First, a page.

Bedrooms continue a warm wooden theme with each featuring a custom-made floral tapestry (Courtesy The BoTree)

The bedrooms continue the warm wooden theme with framing that extends all the way to a slightly protruding window bay—just enough so you can peek at the London skyline from your seat on the green suede loveseat, custom-made for BoTree by Norman Copenhagen. A favorite fixture is the reading lamp hanging conveniently above: Lampe de Marseille by Nemo Lighting. But each room is made unique with custom-made floral tapestries—a collaboration with Studio Stadig—installed behind each headboard. Soaring the full height of the room, these introduce a vibrant color palette that definitely combats the drab beiges and taupes of cookie-cutter hotel rooms elsewhere.

The BoTree Bar is located just off the street, inviting passersby inside. (Courtesy The BoTree)

What sets The BoTree apart, though, are two factors: first the service and second, a holistic and enveloping commitment to sustainability. The service starts in the verdant lobby complete with site-specific artwork and a unique amber-colored curving class wall: it’s Apple Store-style, meaning staff meet you at your seat on one of the many sofas and armchairs rather than requiring the traditional check-in counter. “Each piece was chosen to evoke a more residential ambiance rather than a typical hotel setting,” said Knüwer.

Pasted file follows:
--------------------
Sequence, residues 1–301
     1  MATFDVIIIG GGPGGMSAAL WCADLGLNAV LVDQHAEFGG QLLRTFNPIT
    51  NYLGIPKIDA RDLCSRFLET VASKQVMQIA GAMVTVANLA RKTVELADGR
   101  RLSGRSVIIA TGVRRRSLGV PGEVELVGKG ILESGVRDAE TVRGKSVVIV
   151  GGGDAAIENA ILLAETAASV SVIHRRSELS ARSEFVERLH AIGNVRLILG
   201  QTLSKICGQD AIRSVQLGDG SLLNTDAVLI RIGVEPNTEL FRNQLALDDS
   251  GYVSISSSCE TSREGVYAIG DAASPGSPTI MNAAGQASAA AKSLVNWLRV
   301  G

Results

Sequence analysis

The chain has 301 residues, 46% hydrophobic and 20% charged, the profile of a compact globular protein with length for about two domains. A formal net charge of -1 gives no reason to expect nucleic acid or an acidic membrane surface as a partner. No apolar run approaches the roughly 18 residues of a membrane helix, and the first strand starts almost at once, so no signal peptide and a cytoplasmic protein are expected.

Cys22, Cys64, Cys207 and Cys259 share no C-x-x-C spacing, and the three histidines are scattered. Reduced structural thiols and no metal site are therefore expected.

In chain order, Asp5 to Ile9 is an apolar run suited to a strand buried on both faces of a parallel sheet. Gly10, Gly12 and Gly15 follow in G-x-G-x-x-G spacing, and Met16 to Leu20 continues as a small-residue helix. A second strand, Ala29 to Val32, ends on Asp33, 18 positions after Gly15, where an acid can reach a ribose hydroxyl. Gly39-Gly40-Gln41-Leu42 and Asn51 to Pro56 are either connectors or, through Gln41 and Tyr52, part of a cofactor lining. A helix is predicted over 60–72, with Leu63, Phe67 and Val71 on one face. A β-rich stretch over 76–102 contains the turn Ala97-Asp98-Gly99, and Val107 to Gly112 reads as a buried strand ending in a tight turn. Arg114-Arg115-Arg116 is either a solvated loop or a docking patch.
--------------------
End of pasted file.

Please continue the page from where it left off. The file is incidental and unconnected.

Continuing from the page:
Colorful and stylish interiors continue through into The BoTree Bar. (Courtesy The BoTree)

But the hotel also boasts granular and unique sustainability codes throughout its spaces and services. Combatting single-use plastic, The BoTree’s official bath amenity partner is eco-conscious brand, Jo Loves, all bath products are vegan, natural, sulphate-, paraben-, and cruelty-free, as well as packaged using OceanBound Plastic. Cleaning products are also purchased in bulk and refilled per cart, which not only further cuts down on single-use plastic packaging, but allows BoTree’s maintenance to ensure that all cleaning products are non-toxic and use sustainable, clean ingredients in all aspects of hotel cleanliness. One of the most interesting details though? When guests leave the room, the room “shuts off,” meaning the lights, TV and AC automatically switch off. No more wasted energy while out and about in London.

Details, from the vegan leather catchall to the colorful tableware, add a touch of thoughtfulness to the design (Courtesy The BoTree)

These little details—from service to design sense to energy efficiencies—go a long way, and set The BoTree apart from other hotels in the luxury space. Knüwer noted that overall, “Our belief is that the more timeless our design, and our work with natural materials, the more stylish the outcome.”